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WBI BLOG

Nexus of Workers' Rights, Research & Social Policies



September 18th, 2014

Santa Clara Sports Law & Ethics Symposium and the NFL

WBI proudly participated in the Fifth Annual Sports Law and Ethics Symposium at Santa Clara University on Sept. 11 hosted by the Institute of Sports Law and Ethics. Planning for the event preceded the NFL inadequate handling of the multiple domestic violence incidents by player-employees. But the symposium was immersed in the headlines of the day.

Gary Namie, WBI Director, joined a panel exploring Bullying and the Locker Room Culture. My contribution was to educate the audience about adult bullying in the workplace and overlap with the Jonathan Martin/NFL case. Esteemed colleagues on the panel included

Brandi Chastain, U.S. Olympic and World Cup women’s soccer champion turned advocate for youth safety in soccer

William Pollack, PhD, Harvard Medical School clinical psychologist and author of Real Boys: Rescuing Our Sons from the Myths of Boyhood

• Jim Thompson, founder of the Positive Coaching Alliance an organization dedicated to transforming all youth sports into positive, character-building experiences

Paraag Marathe, President of the 49ers of the NFL opened the Symposium. He refused to address the then-current domestic abuser Ray McDonald presented for the team. I was able to ask if the integrity and character of players was part of the recruitment and hiring process. He emphatically said that players with skills but no integrity had a place on the 49ers roster. He also cited the extensive psychological testing that all potential player-employees face. Hmm.

KPIX-TV San Francisco coverage of the Symposium

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Posted in Employers Gone Wild: Doing Bad Things, NFL: Jonathan Martin, Tutorials About Bullying, WBI Education, WBI in the News | Post Comment



September 18th, 2014

NH Gov. veto of partial workplace bullying bill holds

New Hampshire lawmakers uphold veto of workplace bullying bill
By Kathleen Ronayne, Associated Press, Sept. 18, 2014

The New Hampshire House on Wednesday upheld Gov. Maggie Hassan’s veto of a bill aimed at curbing workplace bullying among the state’s employees, despite strong calls from several lawmakers to go against the governor.

Supporters of the bill fell roughly 50 votes short Wednesday of the necessary two-thirds to override the veto. The majority of Republicans voted to sustain the veto while a majority of Democrats voted to overturn it.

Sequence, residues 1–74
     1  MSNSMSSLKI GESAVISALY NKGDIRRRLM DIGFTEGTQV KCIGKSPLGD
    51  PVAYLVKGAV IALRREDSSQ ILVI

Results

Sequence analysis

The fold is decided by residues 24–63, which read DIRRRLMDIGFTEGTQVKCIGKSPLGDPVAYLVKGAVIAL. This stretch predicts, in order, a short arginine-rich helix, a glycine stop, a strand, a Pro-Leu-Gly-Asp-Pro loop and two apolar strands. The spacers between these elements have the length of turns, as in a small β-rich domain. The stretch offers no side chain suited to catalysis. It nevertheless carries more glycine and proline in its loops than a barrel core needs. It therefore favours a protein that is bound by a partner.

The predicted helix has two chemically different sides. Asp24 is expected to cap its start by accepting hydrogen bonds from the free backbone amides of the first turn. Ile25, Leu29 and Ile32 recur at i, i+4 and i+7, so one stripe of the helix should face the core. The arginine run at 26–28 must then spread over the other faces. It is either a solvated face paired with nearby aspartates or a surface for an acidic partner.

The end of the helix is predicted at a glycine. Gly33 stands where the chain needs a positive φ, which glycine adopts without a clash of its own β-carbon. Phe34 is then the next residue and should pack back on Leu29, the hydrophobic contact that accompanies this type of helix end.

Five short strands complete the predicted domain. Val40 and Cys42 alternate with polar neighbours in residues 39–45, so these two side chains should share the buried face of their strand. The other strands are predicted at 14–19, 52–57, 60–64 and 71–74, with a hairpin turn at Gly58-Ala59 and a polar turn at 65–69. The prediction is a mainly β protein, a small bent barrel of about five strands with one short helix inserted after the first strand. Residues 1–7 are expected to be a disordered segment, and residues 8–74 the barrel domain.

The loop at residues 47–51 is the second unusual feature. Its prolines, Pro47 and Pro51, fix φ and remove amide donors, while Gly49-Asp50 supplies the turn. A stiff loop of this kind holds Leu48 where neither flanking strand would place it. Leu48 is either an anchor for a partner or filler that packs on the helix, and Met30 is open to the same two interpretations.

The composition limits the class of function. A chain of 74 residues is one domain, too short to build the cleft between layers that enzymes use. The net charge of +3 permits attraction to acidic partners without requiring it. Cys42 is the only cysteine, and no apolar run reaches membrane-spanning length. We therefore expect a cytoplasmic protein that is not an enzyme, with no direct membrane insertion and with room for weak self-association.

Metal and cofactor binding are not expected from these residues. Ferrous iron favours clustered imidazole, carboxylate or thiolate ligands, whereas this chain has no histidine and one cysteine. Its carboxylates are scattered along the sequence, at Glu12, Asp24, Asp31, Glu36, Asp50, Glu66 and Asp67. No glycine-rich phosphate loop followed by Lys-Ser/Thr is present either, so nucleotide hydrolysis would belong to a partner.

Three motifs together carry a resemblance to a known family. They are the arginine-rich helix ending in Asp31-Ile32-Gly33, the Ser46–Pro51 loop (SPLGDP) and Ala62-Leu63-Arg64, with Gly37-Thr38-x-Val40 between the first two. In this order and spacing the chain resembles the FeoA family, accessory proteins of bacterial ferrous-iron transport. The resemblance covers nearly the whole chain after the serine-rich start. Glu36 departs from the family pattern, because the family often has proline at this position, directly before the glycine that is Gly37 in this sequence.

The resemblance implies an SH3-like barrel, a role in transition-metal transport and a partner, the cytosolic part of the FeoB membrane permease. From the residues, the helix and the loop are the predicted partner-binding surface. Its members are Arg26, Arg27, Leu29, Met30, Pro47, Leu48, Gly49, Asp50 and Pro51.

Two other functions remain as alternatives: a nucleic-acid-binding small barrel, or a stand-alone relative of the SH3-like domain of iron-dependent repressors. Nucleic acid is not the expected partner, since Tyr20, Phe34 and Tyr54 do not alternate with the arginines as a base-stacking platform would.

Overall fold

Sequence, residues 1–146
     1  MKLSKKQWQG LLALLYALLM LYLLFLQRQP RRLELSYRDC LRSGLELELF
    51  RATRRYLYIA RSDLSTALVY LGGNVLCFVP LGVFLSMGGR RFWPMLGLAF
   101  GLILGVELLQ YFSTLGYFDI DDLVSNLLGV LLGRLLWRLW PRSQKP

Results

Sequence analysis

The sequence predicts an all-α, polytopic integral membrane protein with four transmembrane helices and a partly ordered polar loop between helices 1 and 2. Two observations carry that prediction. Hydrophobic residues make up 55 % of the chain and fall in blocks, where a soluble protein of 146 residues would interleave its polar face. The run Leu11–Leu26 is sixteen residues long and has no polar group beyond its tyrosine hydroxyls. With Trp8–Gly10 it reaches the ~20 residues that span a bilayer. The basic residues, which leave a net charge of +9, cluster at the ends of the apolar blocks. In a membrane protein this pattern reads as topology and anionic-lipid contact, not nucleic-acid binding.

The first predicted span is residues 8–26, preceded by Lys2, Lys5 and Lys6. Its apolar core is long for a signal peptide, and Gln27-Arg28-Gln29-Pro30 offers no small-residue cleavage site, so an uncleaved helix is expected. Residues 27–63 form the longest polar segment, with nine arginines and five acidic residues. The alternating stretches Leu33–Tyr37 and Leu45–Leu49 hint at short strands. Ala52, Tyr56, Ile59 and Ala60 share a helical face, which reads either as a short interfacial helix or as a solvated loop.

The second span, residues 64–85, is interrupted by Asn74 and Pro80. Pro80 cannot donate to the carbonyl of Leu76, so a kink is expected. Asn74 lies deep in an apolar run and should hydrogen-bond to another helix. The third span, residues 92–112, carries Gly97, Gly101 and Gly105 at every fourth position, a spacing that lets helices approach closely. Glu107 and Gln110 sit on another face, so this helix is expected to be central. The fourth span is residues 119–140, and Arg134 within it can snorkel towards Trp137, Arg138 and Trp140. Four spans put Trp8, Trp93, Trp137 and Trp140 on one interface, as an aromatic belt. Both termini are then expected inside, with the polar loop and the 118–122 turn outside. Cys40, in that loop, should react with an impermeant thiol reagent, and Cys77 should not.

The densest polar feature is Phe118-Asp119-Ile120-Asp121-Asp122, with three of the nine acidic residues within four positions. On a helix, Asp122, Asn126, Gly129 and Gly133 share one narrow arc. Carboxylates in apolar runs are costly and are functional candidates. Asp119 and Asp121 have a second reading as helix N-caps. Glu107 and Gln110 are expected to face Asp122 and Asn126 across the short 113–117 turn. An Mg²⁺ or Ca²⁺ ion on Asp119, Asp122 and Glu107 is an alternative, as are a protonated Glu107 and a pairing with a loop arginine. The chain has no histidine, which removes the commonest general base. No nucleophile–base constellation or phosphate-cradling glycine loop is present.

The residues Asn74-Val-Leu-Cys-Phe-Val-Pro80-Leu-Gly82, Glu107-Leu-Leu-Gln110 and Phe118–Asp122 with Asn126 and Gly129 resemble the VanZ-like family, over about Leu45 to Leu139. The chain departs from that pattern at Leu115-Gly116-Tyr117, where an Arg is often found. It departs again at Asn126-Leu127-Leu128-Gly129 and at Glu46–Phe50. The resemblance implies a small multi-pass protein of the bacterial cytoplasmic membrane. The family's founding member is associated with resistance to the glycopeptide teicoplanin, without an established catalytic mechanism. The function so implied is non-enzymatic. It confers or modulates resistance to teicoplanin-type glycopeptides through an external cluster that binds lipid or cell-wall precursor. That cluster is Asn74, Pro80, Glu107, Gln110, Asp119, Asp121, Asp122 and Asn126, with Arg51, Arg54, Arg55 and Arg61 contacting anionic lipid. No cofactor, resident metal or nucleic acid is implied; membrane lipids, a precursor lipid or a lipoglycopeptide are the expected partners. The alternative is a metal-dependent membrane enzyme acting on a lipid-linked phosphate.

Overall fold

Continue reading this article… »

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Posted in Healthy Workplace Bill (U.S. campaign), WBI in the News, Workplace Bullying Laws | Post Comment



September 18th, 2014

WBI TN State Coordinator — Jackie Gilbert — plays key role in state policy creation

Original story in the Shelbyville (TN) Times-Gazette

A Middle Tennessee State University business professor continues her push for a more civil workplace.

Dr. Jackie Gilbert, a professor of management in the MTSU Jones College of Business, joined forces with like-minded people across the state and nation to help craft legislation and guidelines that will help do just that within government agencies.

Gilbert was part of a group of advocates who helped shape the Healthy Workplace Act, which was signed into law in June by Gov. Bill Haslam. The legislation, sponsored by state Rep. Antonio Parkinson, D-Memphis, grants legal protection to those government agencies that adopt a model policy to combat abusive behavior in the workplace or craft comparable guidelines of their own.

The law applies to any agency, county, metropolitan government, municipality, or other political subdivision of the state. By enacting the law, Tennessee became the 26th state to introduce the Healthy Workplace Bill and the first to pass it. The national grassroots legislative movement began more than a decade ago to get workplace anti-bullying laws passed in every state.

“Respectful interaction at work is a priority,” said Gilbert, who has incorporated anti-bullying concepts into her teaching. “This law is going to set the stage for providing some guidance for what is acceptable and what is not acceptable at work.”